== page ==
View Full Version : Food for thought
April 16th, 2007, 0:13 PDT
We have never been one of those "solar at all costs" or "solar will save the world" type companies. While we think that solar can be an important part of reducing the rise of fossil fuels, especially coal, for making power, we were never under any illusions that solar was more than part of it. Nor have we ever bought into the idea of electric cars - all you are doing there is shifting where the energy comes from, not reducing energy usage.
And, oddly or not, in the past 30 years or so of selling solar, we have been accused of being "anti environmentalist" because we did not support some of the ideas put forth. Finally others are starting to speak out also about the total net effect, not just "feel good" solar and energy savings. Came across this today, which echoes our philosophy to a large extent http://www.huffingtonpost.com/vinod-khosla/scheer-nonsense-the-_b_45590.html
April 22nd, 2007, 13:09 PDT
I live in the largest off-grid community in California. I thought it would automatically be green-biased.
Most of us have installed solar systems and we get our house power in a mostly green way. But there are several people who regard photovoltaics as "hippy stuff" and run generators from dawn to bed time. At least they did before gas shot up to nearly $4/gal.
I only know of 2 people who have tried running their refigeration from solar panels. The rest use propane refers.
There is no public transportation in my part of the state so everyone must drive. Because of the dirt roads and heavy snow a high ground clearance 4WD vehicle is a necessity and these use a lot of gas. The mountainous terrain means we never get into high gear so we use even more gas.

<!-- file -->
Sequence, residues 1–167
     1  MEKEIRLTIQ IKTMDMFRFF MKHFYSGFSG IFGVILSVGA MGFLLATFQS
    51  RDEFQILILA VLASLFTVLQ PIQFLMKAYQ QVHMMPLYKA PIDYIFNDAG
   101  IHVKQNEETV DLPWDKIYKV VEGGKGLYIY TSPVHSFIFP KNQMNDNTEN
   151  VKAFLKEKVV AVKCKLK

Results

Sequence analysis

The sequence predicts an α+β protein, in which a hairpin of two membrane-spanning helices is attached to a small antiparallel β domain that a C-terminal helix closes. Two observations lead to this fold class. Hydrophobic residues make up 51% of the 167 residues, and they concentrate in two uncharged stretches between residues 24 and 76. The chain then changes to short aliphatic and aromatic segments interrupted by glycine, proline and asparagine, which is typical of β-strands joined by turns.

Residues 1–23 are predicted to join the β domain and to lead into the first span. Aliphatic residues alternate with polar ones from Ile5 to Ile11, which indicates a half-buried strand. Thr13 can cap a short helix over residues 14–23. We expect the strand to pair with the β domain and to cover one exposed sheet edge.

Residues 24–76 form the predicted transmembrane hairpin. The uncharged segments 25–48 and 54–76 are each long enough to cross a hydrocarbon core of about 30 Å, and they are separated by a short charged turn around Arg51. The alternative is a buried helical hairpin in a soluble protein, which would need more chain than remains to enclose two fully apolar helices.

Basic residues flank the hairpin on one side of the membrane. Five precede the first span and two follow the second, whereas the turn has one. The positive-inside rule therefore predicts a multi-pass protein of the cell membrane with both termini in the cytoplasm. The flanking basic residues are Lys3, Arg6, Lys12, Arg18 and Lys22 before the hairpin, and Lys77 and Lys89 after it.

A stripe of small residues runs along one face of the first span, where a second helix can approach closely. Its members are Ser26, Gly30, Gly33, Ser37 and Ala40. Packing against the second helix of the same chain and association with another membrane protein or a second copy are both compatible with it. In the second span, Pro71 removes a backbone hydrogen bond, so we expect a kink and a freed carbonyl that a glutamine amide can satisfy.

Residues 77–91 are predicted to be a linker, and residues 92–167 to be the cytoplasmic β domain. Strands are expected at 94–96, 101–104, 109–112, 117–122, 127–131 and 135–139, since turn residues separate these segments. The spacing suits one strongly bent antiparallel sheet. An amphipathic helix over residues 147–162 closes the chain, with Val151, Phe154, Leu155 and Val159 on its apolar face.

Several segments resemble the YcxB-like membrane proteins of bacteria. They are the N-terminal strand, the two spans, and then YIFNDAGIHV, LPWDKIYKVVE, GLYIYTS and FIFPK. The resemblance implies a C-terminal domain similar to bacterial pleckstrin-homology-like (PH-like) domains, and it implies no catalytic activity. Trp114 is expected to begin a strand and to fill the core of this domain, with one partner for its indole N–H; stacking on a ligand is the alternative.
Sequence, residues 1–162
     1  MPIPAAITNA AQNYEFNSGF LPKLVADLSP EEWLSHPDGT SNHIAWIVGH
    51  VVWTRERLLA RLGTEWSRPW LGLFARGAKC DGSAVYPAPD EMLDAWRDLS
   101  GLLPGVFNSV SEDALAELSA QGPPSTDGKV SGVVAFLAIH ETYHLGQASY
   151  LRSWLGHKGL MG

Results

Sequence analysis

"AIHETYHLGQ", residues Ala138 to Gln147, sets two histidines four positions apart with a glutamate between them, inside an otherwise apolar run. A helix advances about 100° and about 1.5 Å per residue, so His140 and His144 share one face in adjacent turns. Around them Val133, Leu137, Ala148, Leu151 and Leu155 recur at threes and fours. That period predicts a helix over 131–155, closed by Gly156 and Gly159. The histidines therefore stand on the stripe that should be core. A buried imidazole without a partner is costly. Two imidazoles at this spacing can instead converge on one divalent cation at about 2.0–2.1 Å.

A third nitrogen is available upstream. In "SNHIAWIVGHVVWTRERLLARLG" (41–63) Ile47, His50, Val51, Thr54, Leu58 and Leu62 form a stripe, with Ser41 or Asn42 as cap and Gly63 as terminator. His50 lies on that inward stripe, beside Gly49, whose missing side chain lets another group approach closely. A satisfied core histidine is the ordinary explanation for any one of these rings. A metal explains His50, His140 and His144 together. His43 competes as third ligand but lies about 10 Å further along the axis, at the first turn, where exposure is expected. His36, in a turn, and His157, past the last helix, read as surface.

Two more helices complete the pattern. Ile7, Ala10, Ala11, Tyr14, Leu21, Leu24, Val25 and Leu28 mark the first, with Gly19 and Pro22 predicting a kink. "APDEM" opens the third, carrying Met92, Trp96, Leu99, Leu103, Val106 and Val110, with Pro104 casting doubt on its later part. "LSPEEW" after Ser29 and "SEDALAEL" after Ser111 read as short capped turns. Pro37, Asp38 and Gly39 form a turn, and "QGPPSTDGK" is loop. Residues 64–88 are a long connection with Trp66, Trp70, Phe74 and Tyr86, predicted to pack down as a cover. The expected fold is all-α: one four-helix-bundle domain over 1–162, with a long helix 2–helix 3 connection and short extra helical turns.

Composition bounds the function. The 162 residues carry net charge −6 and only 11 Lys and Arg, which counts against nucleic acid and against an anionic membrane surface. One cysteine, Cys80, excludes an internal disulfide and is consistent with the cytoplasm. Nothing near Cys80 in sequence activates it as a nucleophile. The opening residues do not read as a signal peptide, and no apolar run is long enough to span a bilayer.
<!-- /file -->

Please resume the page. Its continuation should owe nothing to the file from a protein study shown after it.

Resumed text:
The realestate boom has driven the price of a 2½ acre lot from $10,000 to $100,000. The people who can meet those prices have different ideas about conservation.* They can't be bothered with maintenance so they install redundant generator systems and call a mechanic when one goes bad.
The only up side is that most property owners are part timers and our population density is very light. But the percapita carbon foot print is probably higher than in cities.
April 23rd, 2007, 11:36 PDT
welp, i can say i agree with many of the economic points, and roadblocks to adoption. he sounds like someone arguing an economic point, as if the need for cleaner RE is only an economic one now.
when he asks if the average person will not watch the nfl game because the sun is not shining, you know where the guy is coming from. this simplified rebuttal to re is pretty commonly thrown out. of course, as he says i can always opt for my $100k of battery storage per house if i do want my solar to work. i winder where that pie in the sky number came from? i should sell batteries. on the other hand i dont think i have ever read anything unbiased on the subject of RE. and of course i am too. :mrgreen:
May 3rd, 2007, 8:34 PDT
That attitude of RE at any cost is not new - we have seen it for years, but it is finally starting to get some attention.
For ages we have been getting comments, emails etc about the Utopia that solar/RE will bring, and you simply cannot convice some that no matter how good solar is, it is not the best solution for everything. My favorite of all time is some nut that wanted to cover half of NM with panels. When asked about the environmental impact of doing that, his comment was that the total destruction of half the states living critters was a small price to pay.
May 3rd, 2007, 11:50 PDT
Ying with the yang...
The right tool for the right job. I looked at it like I could spend money on a loud gas genset that might or might not work when I really need it, or put that same $ in to solar that I can use almost daily. It just seemed like a better choice in so many ways. People never ask what the payback is on a genset, but they always ask what it is on my solar panels. I simply say they were paid for the first time the grid went down and I still had power :)
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